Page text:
Confessions from a Resilient Landlord

My wife and I owned rental property in Pasadena, California, since the eighties. The properties were located in an area that was within walking distance of our home. We could regularly inspect the property to see if our tenants watered the grass, cut the weeds around the flowers and the orange trees, and kept up with other maintenance.

Years later we felt empowered to take on a bigger challenge: to further expand into rental property real estate. We took various seminars like: Rich Dad, Poor Dad and Carleton Sheet’s How to Purchase Real Estate home study course. The important thing these courses emphasized was to do the research and to purchase property within a 25-mile radius of your home.

We got cocky. We were so successful in managing our property in California; we felt we could do it anywhere. So we bought in Pennsylvania where I grew up. Big mistake. Not exactly within 25 miles. Why should you purchase property close to where you live?

Step 1 and every other step depends on this step: Getting a property manager to act on your behalf. Without us being local to continually supervise we encountered the following problems. How do you know that the property manager is truly acting in your best interest? How can you verify the property management’s performance from so far away? We learned the following hard lessons:

No one cares about your property as much as you. Unkempt lawns resulted in hundreds of dollars in fines.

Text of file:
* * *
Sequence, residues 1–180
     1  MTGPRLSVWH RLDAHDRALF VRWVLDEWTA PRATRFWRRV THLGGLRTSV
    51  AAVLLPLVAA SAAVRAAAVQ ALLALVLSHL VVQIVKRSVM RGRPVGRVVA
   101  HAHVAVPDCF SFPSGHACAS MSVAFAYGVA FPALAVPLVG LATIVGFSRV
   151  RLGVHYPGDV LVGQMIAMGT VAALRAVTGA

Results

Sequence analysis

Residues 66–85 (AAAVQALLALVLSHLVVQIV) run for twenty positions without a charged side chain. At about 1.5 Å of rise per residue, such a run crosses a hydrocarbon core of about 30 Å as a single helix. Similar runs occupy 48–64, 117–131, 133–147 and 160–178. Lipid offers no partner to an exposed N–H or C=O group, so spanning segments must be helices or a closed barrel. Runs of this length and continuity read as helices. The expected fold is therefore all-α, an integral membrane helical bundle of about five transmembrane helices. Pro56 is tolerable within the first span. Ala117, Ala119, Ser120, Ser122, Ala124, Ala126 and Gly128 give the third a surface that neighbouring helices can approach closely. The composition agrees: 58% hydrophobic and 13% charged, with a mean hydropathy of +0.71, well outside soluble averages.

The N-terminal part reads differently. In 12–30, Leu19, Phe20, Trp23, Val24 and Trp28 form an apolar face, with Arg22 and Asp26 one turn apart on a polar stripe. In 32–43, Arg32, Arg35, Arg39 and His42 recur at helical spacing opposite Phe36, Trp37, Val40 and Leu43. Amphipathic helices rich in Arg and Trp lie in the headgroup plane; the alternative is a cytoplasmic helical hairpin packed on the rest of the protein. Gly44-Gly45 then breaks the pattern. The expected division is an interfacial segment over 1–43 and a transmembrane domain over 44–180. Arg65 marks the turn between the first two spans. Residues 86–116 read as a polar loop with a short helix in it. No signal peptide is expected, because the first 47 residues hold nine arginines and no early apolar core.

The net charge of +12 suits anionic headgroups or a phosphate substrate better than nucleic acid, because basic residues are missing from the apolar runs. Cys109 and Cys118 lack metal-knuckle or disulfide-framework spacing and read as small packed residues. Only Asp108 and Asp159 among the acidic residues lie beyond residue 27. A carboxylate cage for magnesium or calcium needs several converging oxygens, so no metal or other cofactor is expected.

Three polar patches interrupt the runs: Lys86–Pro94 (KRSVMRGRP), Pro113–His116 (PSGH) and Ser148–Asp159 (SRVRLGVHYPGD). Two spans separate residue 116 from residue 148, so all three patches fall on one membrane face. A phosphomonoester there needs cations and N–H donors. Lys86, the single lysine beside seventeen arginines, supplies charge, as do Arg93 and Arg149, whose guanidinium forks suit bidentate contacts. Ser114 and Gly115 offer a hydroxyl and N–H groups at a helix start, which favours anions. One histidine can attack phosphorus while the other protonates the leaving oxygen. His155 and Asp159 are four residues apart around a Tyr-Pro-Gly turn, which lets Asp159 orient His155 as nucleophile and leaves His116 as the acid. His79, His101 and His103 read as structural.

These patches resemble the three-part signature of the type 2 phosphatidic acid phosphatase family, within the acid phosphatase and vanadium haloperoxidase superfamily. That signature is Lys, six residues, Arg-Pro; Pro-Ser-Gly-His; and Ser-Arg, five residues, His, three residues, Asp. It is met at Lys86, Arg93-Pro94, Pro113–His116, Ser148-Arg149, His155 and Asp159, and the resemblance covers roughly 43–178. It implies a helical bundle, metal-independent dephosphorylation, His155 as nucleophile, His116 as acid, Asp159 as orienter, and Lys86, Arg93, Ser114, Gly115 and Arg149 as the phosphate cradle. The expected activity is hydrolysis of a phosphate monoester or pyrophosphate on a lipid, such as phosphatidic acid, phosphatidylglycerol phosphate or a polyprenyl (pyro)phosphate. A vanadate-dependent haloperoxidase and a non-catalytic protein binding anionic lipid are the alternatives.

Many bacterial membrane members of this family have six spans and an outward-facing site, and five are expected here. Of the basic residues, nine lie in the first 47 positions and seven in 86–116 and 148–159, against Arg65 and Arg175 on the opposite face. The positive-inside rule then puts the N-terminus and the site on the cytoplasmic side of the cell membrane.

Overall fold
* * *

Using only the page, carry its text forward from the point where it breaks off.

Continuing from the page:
No one will watch the property and tenants’ care of it as well as you.

Tenants need an escalation point. Tenants felt that they had no one to escalate their problems to because we were out of town. They were frustrated with managements follow up and began to hold their rental payment until maintenance issues were corrected.

Property Management incentives and payouts must align with your goals. They required the first month’s rent. This did not encourage good renter selection, and with high turnovers they always got paid, but we lost out.

Lack of good management led to higher evictions and vacancy rates, therefore, higher costs and less income for us.

Inspecting what we expected was a challenge. Cost of travel from out of state was expensive (not to mention time away from our jobs) for us to conduct regular, unannounced checks on the manager, tenants and our property.

Maintenance costs eroded profit. Contractors were hired who charged premium, and/or the work was inadequate many times requiring re-work.

We moved to Pennsylvania two years ago, fired the property manager and decided to manage the properties ourselves. Now, we oversee all renovation projects, are very selective in choosing tenants and contractors, and audit income and expenses routinely.

The advice we give to new rental investors is find property within 25-mile radius, or great property managers, and run the profit/expense numbers, and regularly inspect what you expect, otherwise change.